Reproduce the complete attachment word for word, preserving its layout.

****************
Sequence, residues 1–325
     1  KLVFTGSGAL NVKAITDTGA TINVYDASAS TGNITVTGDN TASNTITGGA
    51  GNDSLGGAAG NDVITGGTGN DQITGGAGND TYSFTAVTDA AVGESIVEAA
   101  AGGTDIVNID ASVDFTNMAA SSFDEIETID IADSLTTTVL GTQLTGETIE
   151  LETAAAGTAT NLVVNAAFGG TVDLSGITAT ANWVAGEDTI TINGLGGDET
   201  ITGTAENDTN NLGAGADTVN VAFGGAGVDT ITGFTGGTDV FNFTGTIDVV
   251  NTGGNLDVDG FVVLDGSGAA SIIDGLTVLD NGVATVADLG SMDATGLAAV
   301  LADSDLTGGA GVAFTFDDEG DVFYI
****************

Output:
Sequence, residues 1–325
     1  KLVFTGSGAL NVKAITDTGA TINVYDASAS TGNITVTGDN TASNTITGGA
    51  GNDSLGGAAG NDVITGGTGN DQITGGAGND TYSFTAVTDA AVGESIVEAA
   101  AGGTDIVNID ASVDFTNMAA SSFDEIETID IADSLTTTVL GTQLTGETIE
   151  LETAAAGTAT NLVVNAAFGG TVDLSGITAT ANWVAGEDTI TINGLGGDET
   201  ITGTAENDTN NLGAGADTVN VAFGGAGVDT ITGFTGGTDV FNFTGTIDVV
   251  NTGGNLDVDG FVVLDGSGAA SIIDGLTVLD NGVATVADLG SMDATGLAAV
   301  LADSDLTGGA GVAFTFDDEG DVFYI